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OPINION article

Front. Psychol., 25 January 2012 |

On the value of experience-based decisions in studying constructs of risk taking

  • Department of Agricultural Economics and Management, The Hebrew University of Jerusalem, Rehovot, Israel

Does risk taking behavior reflect intrinsic or constructed preferences? This question is deeply rooted in psychology and decision science, but is still the subject of a lively debate. The current paper suggests that the degree of support for the idea of consistent constructs of risk taking might be contingent upon the methodology used in the experiment. Specifically, it addresses the properties of two main paradigms that have been used to study this question: decisions from description and decisions from experience (Hertwig et al., 2004). The first paradigm attends to “explicit risk taking” extracted from self-reports of risky behaviors and/or tasks in which subjects are asked to choose between descriptions of different outcomes and their associated probabilities. The second paradigm deals with “implicit risk taking.” It focuses on experience-based tasks in which people make repeated choices between options without knowing their exact payoffs and probabilities. Instead, they have to learn them from experience.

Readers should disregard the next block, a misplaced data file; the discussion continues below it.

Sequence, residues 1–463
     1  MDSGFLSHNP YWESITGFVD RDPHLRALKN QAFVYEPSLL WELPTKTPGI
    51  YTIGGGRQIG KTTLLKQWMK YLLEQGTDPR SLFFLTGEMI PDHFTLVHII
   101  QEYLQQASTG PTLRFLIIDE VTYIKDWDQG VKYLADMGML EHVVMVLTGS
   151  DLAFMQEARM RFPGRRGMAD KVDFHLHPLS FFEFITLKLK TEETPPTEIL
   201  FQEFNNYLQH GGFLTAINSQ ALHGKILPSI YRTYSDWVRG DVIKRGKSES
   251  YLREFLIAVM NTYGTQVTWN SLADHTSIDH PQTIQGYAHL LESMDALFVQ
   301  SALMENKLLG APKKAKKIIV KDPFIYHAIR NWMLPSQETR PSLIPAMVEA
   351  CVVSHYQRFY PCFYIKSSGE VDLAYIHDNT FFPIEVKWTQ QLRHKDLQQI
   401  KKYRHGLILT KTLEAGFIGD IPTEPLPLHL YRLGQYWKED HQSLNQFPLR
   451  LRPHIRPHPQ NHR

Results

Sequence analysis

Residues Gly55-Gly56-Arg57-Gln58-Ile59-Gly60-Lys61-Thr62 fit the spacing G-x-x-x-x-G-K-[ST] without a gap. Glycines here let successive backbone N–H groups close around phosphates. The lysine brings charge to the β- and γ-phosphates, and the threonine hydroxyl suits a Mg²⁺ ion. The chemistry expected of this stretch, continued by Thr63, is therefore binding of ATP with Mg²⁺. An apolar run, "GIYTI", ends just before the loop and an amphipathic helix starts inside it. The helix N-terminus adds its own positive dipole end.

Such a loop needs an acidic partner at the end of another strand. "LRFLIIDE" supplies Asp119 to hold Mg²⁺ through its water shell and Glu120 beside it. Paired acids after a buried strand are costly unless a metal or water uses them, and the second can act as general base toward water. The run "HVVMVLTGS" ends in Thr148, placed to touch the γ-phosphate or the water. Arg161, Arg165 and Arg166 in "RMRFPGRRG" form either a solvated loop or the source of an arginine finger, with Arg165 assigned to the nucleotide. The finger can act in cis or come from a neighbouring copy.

Interestingly, while description-based studies typically find risk taking to be mostly situation-specific, experience-based studies show evidence of consistent individual differences, and seem able to distinguish populations associated with risk taking behaviors from controls. The current paper will first overview some evidence showing the difference between the paradigms in suggesting stable constructs of risk, and then will address properties of these paradigms that may contribute to the discrepancies.

Evidence for Individual Differences in Risk Taking from Description-Based and Experience-Based Tasks

Until recently, the search for stable constructs of risk taking has mainly focused on explicit tasks, such as self-report questionnaires and description-based tasks. The results from those studies, however, showed mainly individual inconsistencies (e.g., Schoemaker, 1990), suggesting that risk taking is mostly situation-specific. For example, it might be reversed, depending on whether individuals are choosing between gains or between losses (Kahneman and Tversky, 1979), it seems to depend on the exact response mode (e.g., choice vs. pricing, see Lichtenstein and Slovic, 1971), and it varies across different life domains such as financial, health, and recreational (Weber et al., 2002; Hanoch et al., 2006). Strikingly, even minor changes in the question format might reverse preferences among alternatives. For example, when people are asked whether they would accept a risky gamble that has a positive expected value they tend to reject it, yet when they are asked to “choose between” that gamble, and a sure zero payoff, they tend to prefer the gamble (Ert and Erev, 2008). These results might lead to the conclusion that behavior does not depend on stable individual constructs of risk taking; rather, it depends mainly on situational factors.